Hydralazine inhibits amyloid beta (Aβ) aggregation and glycation and ameliorates Aβ1–42 induced neurotoxicity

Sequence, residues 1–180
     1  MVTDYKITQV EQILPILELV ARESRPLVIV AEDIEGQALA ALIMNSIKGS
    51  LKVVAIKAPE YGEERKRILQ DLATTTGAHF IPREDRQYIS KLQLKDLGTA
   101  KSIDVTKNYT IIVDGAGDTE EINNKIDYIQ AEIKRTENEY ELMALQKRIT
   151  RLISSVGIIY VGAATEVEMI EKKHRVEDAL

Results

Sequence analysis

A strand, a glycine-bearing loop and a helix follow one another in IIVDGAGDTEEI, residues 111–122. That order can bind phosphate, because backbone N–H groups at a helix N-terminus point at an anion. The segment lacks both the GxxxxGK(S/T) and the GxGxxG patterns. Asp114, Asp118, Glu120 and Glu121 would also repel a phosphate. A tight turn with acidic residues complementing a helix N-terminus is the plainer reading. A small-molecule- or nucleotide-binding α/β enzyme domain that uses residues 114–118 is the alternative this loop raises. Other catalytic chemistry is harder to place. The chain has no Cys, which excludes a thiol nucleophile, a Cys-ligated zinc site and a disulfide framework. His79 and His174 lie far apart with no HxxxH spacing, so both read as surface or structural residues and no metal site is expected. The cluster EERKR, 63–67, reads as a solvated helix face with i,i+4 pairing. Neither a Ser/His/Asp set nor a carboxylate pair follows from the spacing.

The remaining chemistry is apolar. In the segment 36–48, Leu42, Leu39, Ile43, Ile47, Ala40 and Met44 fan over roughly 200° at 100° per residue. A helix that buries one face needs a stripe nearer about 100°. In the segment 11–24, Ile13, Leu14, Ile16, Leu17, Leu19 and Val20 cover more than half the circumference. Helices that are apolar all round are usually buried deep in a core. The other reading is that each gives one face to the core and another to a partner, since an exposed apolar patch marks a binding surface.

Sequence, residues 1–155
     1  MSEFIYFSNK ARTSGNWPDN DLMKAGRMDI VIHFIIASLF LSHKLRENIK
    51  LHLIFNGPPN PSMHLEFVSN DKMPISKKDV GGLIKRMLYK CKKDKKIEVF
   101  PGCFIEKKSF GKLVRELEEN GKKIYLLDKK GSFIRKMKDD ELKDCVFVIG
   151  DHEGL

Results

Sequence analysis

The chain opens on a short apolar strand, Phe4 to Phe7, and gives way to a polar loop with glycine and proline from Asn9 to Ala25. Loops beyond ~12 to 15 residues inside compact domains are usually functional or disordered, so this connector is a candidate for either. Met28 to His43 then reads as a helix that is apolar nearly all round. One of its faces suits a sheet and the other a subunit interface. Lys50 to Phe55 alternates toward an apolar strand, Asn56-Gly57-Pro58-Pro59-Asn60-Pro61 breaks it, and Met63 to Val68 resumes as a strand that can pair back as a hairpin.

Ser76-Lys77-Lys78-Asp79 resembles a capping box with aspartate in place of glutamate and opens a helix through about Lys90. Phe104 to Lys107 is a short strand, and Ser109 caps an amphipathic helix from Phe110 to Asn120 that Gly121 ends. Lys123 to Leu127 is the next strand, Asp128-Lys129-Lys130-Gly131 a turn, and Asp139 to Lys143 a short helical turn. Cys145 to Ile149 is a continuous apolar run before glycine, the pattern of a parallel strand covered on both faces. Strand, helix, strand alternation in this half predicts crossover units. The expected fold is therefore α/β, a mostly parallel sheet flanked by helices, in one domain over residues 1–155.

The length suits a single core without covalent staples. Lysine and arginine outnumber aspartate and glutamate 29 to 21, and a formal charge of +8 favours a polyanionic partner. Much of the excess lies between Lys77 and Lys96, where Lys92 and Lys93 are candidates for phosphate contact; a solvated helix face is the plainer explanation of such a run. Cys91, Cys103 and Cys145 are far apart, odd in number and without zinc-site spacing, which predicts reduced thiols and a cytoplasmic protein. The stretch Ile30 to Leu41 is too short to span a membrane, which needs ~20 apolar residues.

Alzheimer's disease (AD) is a neurodegenerative disorder affecting millions of people worldwide, characterized by senile plaques formed due to deposition of insoluble aggregates of amyloid beta (Aβ) peptide in neuronal synapses of the brain. The synthesis of the Aβ peptide and its aggregation is central to AD related pathogenesis. Post-translational modifications such as glycation, is known to exacerbate Aβ aggregation and neurodegeneration. Thus inhibitors of glycation can potentially inhibit Aβ aggregation and attenuate the progression of neurodegeneration. In the present study, we have evaluated the effect of hydralazine on Aβ aggregation and fibril formation by employing thioflavin-T (ThT), 1-anilino-8-naphthalene sulfonic acid (ANS) fluorescence assays, atomic force microscopy and static light scattering assay. From the results of these experiments, it is evident that hydralazine inhibits Aβ aggregation and fibril formation. Circular dichroism (CD) analysis revealed that hydralazine prevents β-sheet formation of Aβ peptide thereby inhibiting amyloid aggregation. Furthermore, molecular dynamics (MD) simulations studies also revealed that hydralazine binds to Aβ monomers as well as protofibrils and potentially destabilizes Aβ monomer–monomer interaction and protofibrils, thereby possibly alleviating Aβ neurotoxicity. This was evident by 3[4,5-dimethylthiazol-2-yl]2,5-diphenyl-tetrazolium bromide (MTT) assay, which confirmed that hydralazine ameliorates Aβ induced neuronal toxicity. This study suggests that hydralazine is a potential candidate for drug repositioning for the management of AD. However, it has to be re-engineered to reduce vasoactive effects and improve blood brain barrier permeability for future use in AD therapeutics.